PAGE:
connive at (something)

(redirected from conniving at)

connive at (something)

To plot or conspire about something. What are you kids whispering about back there? You better not be conniving at something!
See also: connive

connive at something (with someone)

 and connive (at something) with someone
to scheme at something (with someone); to plot something (with someone). Are you conniving at something with Ronald? Are you and Ronald conniving with Tom at something I should know about? Stop conniving with people!
See also: connive
References in classic literature ?
She waited until the cold and her fear of being discovered spying forced her to creep upstairs, ashamed of having enjoyed a silly entertainment, and of conniving at a breach of the rules rather than face a fresh quarrel with Agatha.
This was exactly what Sir Thomas and Edmund had been separately conniving at, as each proved to the other by the sympathetic alacrity with which they both advised Mrs.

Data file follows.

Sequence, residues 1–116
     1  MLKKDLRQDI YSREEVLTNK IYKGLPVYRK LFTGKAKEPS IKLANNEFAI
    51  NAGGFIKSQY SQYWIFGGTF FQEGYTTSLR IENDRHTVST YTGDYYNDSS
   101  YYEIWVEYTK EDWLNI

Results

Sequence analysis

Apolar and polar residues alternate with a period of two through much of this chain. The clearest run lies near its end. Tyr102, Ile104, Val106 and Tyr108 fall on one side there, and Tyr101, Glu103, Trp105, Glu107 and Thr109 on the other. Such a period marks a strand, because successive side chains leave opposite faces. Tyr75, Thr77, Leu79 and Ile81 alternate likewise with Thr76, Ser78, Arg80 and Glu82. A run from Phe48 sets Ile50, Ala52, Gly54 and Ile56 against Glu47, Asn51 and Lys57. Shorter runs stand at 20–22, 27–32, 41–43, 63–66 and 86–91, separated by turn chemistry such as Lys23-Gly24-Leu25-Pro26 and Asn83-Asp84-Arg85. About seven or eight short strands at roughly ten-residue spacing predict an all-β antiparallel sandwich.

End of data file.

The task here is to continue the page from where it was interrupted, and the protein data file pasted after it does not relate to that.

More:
If I were quiet at the moment, I was conniving at their disorderly conduct; if (as was frequently the case) I happened to be exalting my voice to enforce order, I was using undue violence, and setting the girls a bad example by such ungentleness of tone and language.
Changes had crept in, Marilla conniving at them resignedly, until it was as sweet and dainty a nest as a young girl could desire.
No strange robber, no treacherous host conniving at the plunder of his guests, or stealing to their beds to kill them in their sleep, no nightly prowler, however terrible and cruel, could have awakened in her bosom half the dread which the recognition of her silent visitor inspired.
He is even bringing or trying to bring the Royal Society for the Protection of Birds into this nonsense as if it were conniving at such destruction of both the soil and the wildlife of set aside.